The roar of their engines gave reason for fear.
They flew so high they were hard to shoot down
Hiding above clouds till their targets drew near.

Tracer bullets for the first time were used
In the guns of airplanes to set blimps afire.
The skies became man's highway of death
With duty and honor their driving desire.

How many flyboys have we lost since then
Those days of the Great War and more?
Where do we get such brave souls of chance
Who rise from the rest in the battles of war?

THE AMERICAN CIVIL WAR


In 1860 life was good
Till its simple-ness ceased one day.
The North wished to save the Union
While the South chose to break away.

America was torn apart
As six hundred thousand died.
Throughout four years of total war
Women without husbands cried.

The sad fact of the Civil War
Is what was left at its end.
Too many times, men's evil acts
Destroyed both foe and friend.

The problem was, once it began
There was no peace or compromise.
Total victory must be proclaimed
Before rage would leave men's eyes.

Destroy all that helps the enemy
Was the cry of either side.
Anything to obtain victory
As death on horseback did ride.

Black men dressed in old uniforms
Became the Union's reserve.
They fought and died for their freedom
And their rights they earned and deserve.

Lifestyles would forever change
For all who survived the war.
It had ended as it began
With sadness, misery and more.

Both sides prayed to the same God
And spoke words from the Bible.
The prayers of both were not answered
For all involved were liable.


BLACK POWDER BRIDGE


A courier rider hands his papers to me
They are instructions from Robert E. Lee.
I am advised now is the time
To stop the troop movement on the Rock Island line.

I muster my men and they load up the boats
We powder our pistols and darken our coats.
Traveling the currents, the sun slips from sight
As brave men with a purpose have gathered to fight.

We capture a bridge before the moonrise
The Yankees who are here shall soon feed the flies.
The evil of war feeds on my brain
As I light the fuse to destroy a train.

Above us a trestle of timber and tar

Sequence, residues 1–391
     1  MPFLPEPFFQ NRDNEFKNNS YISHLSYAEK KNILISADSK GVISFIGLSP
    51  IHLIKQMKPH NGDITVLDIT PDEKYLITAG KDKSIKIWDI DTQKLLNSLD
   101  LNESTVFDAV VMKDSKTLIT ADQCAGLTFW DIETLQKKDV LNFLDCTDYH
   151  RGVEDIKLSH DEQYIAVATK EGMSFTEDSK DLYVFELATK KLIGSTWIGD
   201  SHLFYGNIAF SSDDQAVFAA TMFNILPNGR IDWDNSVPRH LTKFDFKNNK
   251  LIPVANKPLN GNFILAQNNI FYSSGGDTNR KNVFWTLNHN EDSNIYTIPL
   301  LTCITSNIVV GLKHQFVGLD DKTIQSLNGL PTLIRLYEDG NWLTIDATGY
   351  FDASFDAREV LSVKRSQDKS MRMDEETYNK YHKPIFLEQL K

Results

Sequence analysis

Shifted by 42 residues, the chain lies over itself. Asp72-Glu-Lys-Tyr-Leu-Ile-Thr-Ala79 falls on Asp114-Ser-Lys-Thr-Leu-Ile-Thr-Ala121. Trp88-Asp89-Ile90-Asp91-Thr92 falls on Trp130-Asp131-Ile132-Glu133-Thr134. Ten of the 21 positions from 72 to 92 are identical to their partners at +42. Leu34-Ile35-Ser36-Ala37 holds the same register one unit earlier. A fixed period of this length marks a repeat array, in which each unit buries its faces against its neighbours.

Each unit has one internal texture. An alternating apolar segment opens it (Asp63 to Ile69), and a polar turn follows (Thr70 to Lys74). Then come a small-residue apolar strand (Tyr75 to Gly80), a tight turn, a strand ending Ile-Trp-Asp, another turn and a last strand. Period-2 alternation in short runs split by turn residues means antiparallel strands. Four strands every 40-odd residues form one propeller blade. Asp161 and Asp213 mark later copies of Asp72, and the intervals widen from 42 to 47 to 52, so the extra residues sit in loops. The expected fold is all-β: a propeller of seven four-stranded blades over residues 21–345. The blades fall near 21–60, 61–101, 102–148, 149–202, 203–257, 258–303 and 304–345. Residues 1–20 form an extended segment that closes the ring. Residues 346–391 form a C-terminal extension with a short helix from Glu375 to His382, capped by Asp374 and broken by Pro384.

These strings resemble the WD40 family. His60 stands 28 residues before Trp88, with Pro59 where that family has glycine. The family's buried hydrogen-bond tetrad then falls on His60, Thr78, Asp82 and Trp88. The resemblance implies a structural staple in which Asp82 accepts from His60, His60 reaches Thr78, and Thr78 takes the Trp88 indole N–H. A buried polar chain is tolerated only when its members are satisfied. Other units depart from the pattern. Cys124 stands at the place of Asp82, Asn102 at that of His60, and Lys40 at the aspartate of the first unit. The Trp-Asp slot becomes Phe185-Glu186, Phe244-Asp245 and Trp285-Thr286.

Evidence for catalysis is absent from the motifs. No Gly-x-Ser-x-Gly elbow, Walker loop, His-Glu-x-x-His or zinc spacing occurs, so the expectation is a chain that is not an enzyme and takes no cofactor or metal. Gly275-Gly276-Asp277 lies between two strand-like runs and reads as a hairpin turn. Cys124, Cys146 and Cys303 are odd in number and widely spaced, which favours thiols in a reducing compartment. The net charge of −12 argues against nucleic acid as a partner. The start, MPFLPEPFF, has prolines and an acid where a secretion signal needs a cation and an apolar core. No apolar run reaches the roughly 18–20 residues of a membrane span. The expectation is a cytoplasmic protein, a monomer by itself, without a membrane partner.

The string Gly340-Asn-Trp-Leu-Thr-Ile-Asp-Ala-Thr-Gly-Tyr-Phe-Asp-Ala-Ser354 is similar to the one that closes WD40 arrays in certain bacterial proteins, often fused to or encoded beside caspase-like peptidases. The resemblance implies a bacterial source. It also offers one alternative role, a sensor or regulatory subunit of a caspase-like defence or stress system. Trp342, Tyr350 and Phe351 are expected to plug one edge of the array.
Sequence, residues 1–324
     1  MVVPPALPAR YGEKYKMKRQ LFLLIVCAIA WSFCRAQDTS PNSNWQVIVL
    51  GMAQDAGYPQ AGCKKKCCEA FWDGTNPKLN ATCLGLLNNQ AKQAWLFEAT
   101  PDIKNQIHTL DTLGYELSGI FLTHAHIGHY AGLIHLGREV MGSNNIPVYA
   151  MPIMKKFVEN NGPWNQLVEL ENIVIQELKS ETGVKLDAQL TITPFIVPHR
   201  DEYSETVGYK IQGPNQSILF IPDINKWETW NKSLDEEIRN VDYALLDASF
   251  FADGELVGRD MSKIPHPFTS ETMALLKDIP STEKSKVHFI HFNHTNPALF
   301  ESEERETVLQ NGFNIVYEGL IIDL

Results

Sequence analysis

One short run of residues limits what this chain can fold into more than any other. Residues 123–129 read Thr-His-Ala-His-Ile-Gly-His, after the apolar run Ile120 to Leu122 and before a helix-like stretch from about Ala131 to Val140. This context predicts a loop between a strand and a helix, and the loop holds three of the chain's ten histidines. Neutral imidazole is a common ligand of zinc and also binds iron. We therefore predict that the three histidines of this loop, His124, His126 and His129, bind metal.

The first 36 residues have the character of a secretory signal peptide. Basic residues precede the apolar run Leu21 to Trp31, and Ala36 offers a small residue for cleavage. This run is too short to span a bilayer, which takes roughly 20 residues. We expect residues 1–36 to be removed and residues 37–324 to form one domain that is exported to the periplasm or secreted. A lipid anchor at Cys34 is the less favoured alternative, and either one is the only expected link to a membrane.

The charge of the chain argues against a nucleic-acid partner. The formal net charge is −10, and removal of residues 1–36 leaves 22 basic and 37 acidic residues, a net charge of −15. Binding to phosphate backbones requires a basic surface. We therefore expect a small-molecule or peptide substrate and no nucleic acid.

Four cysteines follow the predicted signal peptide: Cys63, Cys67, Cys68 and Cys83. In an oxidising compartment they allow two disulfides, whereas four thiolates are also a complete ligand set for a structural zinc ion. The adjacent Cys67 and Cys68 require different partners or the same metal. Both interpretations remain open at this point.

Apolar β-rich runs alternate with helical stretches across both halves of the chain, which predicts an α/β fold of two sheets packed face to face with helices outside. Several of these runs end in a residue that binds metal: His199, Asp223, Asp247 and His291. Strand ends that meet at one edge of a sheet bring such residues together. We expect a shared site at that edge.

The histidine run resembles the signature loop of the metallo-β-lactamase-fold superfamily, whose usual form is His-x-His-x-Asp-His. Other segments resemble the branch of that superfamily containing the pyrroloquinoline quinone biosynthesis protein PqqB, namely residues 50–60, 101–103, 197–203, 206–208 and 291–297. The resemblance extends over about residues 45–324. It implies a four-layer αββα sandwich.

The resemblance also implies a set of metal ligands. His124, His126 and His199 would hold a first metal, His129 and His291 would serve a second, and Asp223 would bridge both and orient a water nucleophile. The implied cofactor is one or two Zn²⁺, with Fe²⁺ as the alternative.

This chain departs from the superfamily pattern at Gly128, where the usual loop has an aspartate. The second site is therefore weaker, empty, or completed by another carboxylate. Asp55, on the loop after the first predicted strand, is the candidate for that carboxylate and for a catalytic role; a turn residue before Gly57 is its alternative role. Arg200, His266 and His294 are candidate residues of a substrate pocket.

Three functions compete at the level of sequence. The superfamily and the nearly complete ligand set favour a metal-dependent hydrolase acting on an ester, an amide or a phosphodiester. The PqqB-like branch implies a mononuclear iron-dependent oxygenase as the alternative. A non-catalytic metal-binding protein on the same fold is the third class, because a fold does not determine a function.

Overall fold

As we pull our oars for a willowed sandbar.
From the banks of the river; we watch it approach
There's shadows of soldiers, in the windows of a coach.

With a burst of bright yellow and a roar in my ear
I hear them scream as they 're falling in fear.
The river is boiling in steam, steel and stems
Back home their families shall soon sing funeral hymns.

The one lone survivor was a red stallion stud
I lassoed his neck, and freed him from the mud.
As I ride in his saddle beneath the stars that shine
I pray for forgiveness and some peace of mind.

War is a lesson we re eager to learn
When man has that fever to murder and burn.
Lord, please forgive me for what I have done
For all those I've silenced were some mother's son.


THE FEVER OF FEAR


Cannons are bursting hot metal from the ground.
Soldiers are looting and burning our town.
The fever of fear rushes through my veins
As too many Bluecoats jump from troop trains.

Smoke from hot barrels is swirling around
As four thousand muskets volley their sound.
All of my comrades have stopped a lead ball
Most cry out, then stumble and fall.

Even the young lad who carried our flag
Now he lies dead as he clings to that rag.
Wagons with the wounded trail blood on the ground
Death and destruction are easily found.

The Generals are crying 'cause they can't stand defeat
But it's always the soldier who dies on his feet.
Horse hooves are pounding on a bridge made of boards
As the sunlight reflects from the blades of their swords.

Quickly I hide out in the roots of a tree
Where the dirt has eroded and there's just room for me.
After dark I sneak out with the cover of fog
Then float down the river, as I cling to a log.

Songs of their victory, ring out through the night
While from the cold, muddy water, I see their firelight.
It makes me remember my old country church
Where the preacher spoke God's word from his holy perch.

That the seed of all conflict began in a cave
When man, like the wild wolf had to prove he was brave.


THUNDER IN THE GROUND


Cannons are bellowing from a ridge far away
The battle lines are forming and there's little time to pray.
Musket balls are pelting like hailstones from the sky
I'm so full of fear cause I don 't want to die.

From beyond yonder hill comes a terrifying sound
It's the music of the buglers and there's thunder in the ground.
The fast-riding troopers have all drawn out their swords.
They 're shouting and screaming as they charge up the gorge.

It's hard to believe how many make it through
As they're hacking and shooting at the boys dressed in blue.
Then come the soldier men who run upon their feet
Every time I dropp one, my heart skips a beat.

There's a storm on the ground made of death, dust and smoke
My throat is so dry, I can 't help but choke.
The fury of the battle is bound to settle down
When most of the fighters lie dead on the ground.

After dark, the stretcher-bearers are afraid to search around
The wild hogs eat the wounded and I can 't stand the sound.
Come dawn, we dig ditches for all the brave, lifeless men
Then quote words from our Bible praying heaven lets them in.


SLAVERY


When you chain the neck of a slave
The other end fastens to you.
Your heart and soul become corrupt
And all which is evil you'll do.

No government shall exist for long
Who's people are not really free.
Though around the world there are those
Who stay blind to how life should be.

Any who must enslave others
Will dwell in their own living hell
After death, they'll join their master
In that place from heaven he fell.

But till then we'll fight and resist
Making them put their chains away.
And those of us who may die first
From heaven shall watch and pray